ATM promotes and BCL6 represses the DDR, representing antagonistic forces in the life of a GC B cell. To terminate the GC reaction, rapidly proliferating B cells must tip this balance toward exiting the cell cycle to allow for terminal differentiation, although a mechanism initiating this shift has not been identified. Previously, we showed that B cell antigen receptor (BCR) engagement led to cytoplasmic sequestration and inactivation of the CREB transcriptional coactivator CRTC2 (TORC2), causing downregulation of the TCL1 oncogene in GC B cells (Kuraishy et al., 2007). Studies of glucose metabolism regulation have shown that CRTC2 inactivation results from phosphorylation at S-171 (Screaton et al., 2004) and/or S-275 (Jansson et al., 2008) by members of the AMPK family, promoting a physical association between CRTC2 and the cytoplasmic chaperone 14-3-3. However, the physiologic event(s) that inactivate CRTC2 in GC B cells are unknown. As GC B cells experience both DNA damage and CRTC2 inactivation-dependent TCL1 repression, we hypothesized that CRTC2 is inhibited by the DDR and that CRTC2 controls an extended gene program beyond TCL1. Testing of this hypothesis led to the discovery of a novel DDR pathway in GC B cells, with exogenous or intrinsic AID-induced DSBs activating ATM signaling to LKB1, a master kinase for AMPK family member proteins (Lizcano et al., 2004), that then resulted in the inactivation of CRTC2. Suggesting a role as a key homeostatic regulator, changes in gene expression resulting from CRTC2 inactivation were essential for cessation of the GC reaction, plasma cell differentiation, and suppression of tumorigenesis.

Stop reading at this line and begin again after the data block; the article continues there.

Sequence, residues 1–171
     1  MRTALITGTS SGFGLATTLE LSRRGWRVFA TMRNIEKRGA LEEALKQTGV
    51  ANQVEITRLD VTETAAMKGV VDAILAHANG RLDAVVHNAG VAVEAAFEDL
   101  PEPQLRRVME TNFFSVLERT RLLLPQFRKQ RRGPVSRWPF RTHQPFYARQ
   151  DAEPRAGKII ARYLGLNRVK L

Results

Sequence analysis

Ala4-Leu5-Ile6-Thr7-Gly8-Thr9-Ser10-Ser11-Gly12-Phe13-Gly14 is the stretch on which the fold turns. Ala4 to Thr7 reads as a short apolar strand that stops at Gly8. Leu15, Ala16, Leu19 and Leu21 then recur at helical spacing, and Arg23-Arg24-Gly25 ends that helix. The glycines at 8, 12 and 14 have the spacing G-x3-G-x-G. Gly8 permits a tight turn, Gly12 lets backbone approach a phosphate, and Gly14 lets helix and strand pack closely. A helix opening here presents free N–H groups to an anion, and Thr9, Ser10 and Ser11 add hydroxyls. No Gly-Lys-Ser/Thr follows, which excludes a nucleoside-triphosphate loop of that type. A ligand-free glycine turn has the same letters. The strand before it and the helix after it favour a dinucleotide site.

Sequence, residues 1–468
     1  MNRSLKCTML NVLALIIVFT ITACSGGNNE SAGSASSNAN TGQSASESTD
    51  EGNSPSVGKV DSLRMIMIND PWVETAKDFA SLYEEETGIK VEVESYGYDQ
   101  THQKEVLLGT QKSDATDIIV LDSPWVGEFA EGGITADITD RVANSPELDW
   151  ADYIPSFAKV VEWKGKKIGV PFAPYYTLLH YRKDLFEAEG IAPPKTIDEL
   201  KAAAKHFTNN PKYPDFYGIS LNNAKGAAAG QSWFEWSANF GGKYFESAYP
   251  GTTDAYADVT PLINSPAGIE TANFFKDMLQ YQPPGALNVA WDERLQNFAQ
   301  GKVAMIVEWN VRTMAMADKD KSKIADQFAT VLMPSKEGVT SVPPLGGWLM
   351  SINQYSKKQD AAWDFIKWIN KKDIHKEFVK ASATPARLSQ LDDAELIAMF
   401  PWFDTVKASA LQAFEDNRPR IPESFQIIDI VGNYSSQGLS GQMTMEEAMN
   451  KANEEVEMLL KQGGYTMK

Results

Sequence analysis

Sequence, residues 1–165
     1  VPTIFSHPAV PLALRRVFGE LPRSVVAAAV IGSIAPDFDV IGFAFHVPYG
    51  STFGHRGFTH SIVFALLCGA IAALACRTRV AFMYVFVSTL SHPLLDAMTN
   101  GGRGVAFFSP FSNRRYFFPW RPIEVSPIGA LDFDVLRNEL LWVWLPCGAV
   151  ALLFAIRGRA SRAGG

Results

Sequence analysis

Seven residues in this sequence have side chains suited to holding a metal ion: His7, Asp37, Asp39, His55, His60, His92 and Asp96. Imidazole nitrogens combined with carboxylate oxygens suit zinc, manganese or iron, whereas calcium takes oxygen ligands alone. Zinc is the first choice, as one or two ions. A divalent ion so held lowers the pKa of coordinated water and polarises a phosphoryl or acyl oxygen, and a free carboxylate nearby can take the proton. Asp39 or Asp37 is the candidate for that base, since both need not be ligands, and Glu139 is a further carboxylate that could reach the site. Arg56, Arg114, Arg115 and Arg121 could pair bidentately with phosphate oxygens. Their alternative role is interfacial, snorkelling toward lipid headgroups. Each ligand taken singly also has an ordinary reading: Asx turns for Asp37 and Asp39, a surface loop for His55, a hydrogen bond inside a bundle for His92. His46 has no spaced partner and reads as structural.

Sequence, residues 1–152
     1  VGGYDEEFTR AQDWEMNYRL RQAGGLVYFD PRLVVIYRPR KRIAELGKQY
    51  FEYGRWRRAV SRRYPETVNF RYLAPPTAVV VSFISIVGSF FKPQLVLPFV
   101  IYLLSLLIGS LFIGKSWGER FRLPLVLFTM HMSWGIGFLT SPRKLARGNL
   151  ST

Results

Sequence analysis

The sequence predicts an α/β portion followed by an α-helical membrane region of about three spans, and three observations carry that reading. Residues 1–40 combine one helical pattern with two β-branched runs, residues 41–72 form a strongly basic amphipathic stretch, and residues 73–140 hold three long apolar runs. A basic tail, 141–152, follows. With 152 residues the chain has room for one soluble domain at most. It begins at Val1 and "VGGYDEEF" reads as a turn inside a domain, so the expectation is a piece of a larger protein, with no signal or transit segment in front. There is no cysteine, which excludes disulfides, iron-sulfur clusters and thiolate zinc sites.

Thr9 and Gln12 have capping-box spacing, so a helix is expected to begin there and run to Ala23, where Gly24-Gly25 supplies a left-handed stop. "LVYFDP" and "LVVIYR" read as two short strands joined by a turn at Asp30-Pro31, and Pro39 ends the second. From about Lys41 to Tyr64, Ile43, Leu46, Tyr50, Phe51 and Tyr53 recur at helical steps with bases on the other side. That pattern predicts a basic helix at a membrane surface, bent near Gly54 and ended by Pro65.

To determine whether DNA damage inactivates CRTC2, DSBs were induced in the Ramos human GC B cell line using etoposide (Eto) or γ-irradiation (IR), which are known to generate γ-H2AX foci (Phan et al., 2007). Subcellular fractionation showed that DSBs caused a shift in CRTC2 localization from the nucleus to the cytoplasm (Figure 1A). This change in CRTC2 location was accompanied by an increased association between CRTC2 and the cytoplasmic chaperone 14-3-3 (Figure 1B) (Jansson et al., 2008; Screaton et al., 2004). Chromatin immunoprecipitation (ChIP) showed a >4-fold reduction in the association between CRTC2 and the CRTC2-responsive TCL1 promoter with DSBs (Figure 1C). DSBs also repressed expression of the TCL1 promoter (Figures 1D and S1A–C). Combined, these data show that DSBs inactivate CRTC2, leading to repression of CRTC2-dependent gene expression.
We next tried to identify a link between DSBs and CRTC2 inactivation. Since the DNA damage-sensing kinase ATM is required for CSR (Lumsden et al., 2004; Reina-San-Martin et al., 2004), we evaluated ATM for a role in CRTC2 inactivation. Induced DSBs in Ramos activated ATM (Figure S2A). ATM loss-of-function, using 2 different shRNA sequences targeting ATM, pharmacological inhibition with the ATM inhibitor Kudos, and the use of B cell lines from ATM-deficient ataxia-telangiectasia (A-T) patients showed a requirement for ATM in DSB-induced CRTC2 inactivation (Figures 2A–D, S2B–D). ATM phosphorylates multiple substrates during the DDR (Matsuoka et al., 2007), potentially including T366 of the tumor suppressor LKB1 (Fernandes et al., 2005; Sapkota et al., 2002). In turn, LKB1 phosphorylates and inactivates CRTC2 through AMPK family members (Fu and Screaton, 2008; Katoh et al., 2006; Shaw et al., 2005), suggesting a pathway from DSBs to CRTC2 inactivation. DSBs caused ATM-dependent phosphorylation of LKB1 T366 (Figure S2E,F). Similarly, DSBs induced LKB1 phosphorylation in primary B cells (Figure S2G). Metformin is an anti-diabetic drug that promotes LKB1-dependent activation of AMPK (Shackelford and Shaw, 2009; Shaw et al., 2005). Ramos cells exposed to metformin showed reduced nuclear localization of CRTC2 and TCL1 repression (Figure S2H–J). shRNA knockdown of LKB1 with 2 different sequences lessened CRTC2 inactivation in response to DSBs in Nalm-6 pre B cells (Figure S2K,L) and Ramos cells (Figures 2E–G, S2M,N). These data demonstrate that DSBs inactivate CRTC2 via ATM and LKB1 signaling, providing a novel gene regulation mechanism during the DDR.